IHS Students Lead Letter Program to Spread Positivity
The handwritten letter has become something of a lost art in today’s age of email, texting and social media. But two Issaquah High School students are leading a charge to revive the importance of paper messages – and the positivity and human touch they can offer.
Elisabeth Endres and Tyler Innes, two juniors from IHS, wanted to come up with a way for teens to serve our community safely during the pandemic and also find a way to lift the spirits of others. They happened to hear about a letter-writing program elsewhere, and decided to launch their own version here called Letters of Sage in March of 2021. In the past year, their group has created letters for residents of retirement centers, hospital staff, teachers and others.
“Writing letters is not a very modern thing anymore,” Endres said. The effort and thought particularly appeals to the seniors in our community. “They said they love getting letters, because it reminds them of what they used to do.” One senior said: “It feels so nice to be able to open a letter once again. It has been years since I have even written a letter to someone.”
To make it easier on their volunteers, they use a number of organizational strategies. First, they offer templates for those who aren’t sure what to write about (or draw). Second, they plan themes and specific collection dates. For example, they used a “winter” theme for a collection during the holidays, and included some holiday and some general cards and letters. Handwriting, calligraphy and unique art are encouraged, but not required to participate.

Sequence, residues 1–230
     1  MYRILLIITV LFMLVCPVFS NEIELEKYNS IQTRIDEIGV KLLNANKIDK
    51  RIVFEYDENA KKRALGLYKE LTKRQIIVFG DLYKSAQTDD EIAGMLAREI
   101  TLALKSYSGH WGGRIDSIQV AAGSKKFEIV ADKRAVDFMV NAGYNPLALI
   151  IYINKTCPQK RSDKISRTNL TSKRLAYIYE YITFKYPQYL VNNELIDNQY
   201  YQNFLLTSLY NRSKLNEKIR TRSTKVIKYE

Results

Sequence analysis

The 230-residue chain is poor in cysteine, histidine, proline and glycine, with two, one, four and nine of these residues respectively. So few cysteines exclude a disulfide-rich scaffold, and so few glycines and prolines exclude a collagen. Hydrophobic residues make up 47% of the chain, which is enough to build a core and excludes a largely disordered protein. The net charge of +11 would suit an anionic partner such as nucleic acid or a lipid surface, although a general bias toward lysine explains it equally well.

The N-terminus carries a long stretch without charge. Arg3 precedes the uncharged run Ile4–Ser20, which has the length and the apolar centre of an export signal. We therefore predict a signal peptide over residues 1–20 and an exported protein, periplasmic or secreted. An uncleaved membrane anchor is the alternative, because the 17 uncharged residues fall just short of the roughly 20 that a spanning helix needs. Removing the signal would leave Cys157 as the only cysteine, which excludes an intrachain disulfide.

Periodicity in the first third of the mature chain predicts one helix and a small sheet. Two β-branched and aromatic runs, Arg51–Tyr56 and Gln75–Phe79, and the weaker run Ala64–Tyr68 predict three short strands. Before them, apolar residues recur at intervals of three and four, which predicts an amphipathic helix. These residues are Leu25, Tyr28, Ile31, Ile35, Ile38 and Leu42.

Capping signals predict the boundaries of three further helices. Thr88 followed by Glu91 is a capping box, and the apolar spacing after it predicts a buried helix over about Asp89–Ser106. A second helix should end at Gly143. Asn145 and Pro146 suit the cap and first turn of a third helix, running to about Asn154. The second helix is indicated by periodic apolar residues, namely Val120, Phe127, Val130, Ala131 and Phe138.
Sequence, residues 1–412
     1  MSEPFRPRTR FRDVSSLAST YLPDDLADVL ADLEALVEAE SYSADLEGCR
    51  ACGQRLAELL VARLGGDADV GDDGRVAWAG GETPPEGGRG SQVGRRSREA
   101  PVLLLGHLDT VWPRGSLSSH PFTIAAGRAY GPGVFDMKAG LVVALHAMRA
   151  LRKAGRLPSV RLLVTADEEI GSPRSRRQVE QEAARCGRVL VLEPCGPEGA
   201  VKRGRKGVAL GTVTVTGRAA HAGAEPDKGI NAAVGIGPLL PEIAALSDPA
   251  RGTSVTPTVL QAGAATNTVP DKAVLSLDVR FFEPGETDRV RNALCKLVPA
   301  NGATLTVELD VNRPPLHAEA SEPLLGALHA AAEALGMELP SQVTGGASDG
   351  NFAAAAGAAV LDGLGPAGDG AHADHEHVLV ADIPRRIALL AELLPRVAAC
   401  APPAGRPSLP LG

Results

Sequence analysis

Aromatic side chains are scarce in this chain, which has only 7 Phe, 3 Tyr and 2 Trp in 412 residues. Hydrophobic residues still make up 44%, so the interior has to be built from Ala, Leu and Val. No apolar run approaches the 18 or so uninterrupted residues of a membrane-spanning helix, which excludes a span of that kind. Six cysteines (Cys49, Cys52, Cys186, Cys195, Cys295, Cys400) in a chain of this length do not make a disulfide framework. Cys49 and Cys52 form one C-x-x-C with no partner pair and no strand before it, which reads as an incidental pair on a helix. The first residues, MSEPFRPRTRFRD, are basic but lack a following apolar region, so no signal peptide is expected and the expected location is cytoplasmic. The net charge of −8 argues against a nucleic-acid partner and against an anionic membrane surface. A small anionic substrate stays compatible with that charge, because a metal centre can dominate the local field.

At first, they started by spreading the word among their friend groups. Then the pair, who have been friends since seventh grade, launched a website and an Instagram account to share the news of the new organization. Teen volunteers from IHS, other schools in the district and even a few who live elsewhere write letters, create art and share a bit about themselves in their messages. They track their volunteer hours, then drop off their letters at a collection organized by Innes and Endres, who distribute the letters as planned. More than 100 students have volunteered so far, for an estimated total of 569 volunteer service hours, and have created 956 letters.
Asked about the result the letters have had and what they hear back from the recipients, Endres said: “Lots of positivity.” When they delivered messages to teachers, for example, it was very impactful. “A lot of them said they had felt overlooked, and they had almost forgotten why they are teachers,” she said. The letters helped remind them how much they mean to their students, she added.
After delivering a bundle of letters to one local retirement home, a staff member told the two “Our residents have faced very difficult times over this last year, and to have that little bit of light to share with them has been a blessing. The love and warmth that is felt when passing the notes and cards from Letters of Sage touches my heart.”
The letters are primarily anonymous. While students do share details about their lives and might share their first name and/or school, it’s not intended as a pen pal program, and the writers don’t know who receives their personal messages.
Innes and Endres said they hope that the program will continue to build steam and that they can bring in some new student leaders before they graduate. “I hope it will keep on going and growing and that we can pass it on to someone,” Innes said.
Endres encouraged any student who is interested to consider penning a few letters. “We are appreciative of all of our volunteers,” she said. “This couldn’t be possible without them.”
The upcoming theme is thank you letters for front desk staff members and custodians who worked at hospitals during the pandemic, and the collection will be on April 2, 2022 at the Issaquah Community Center. To learn more about how to volunteer, or to see more examples of the letters students have created in the past year, visit the Letters of Sage website or Instagram account.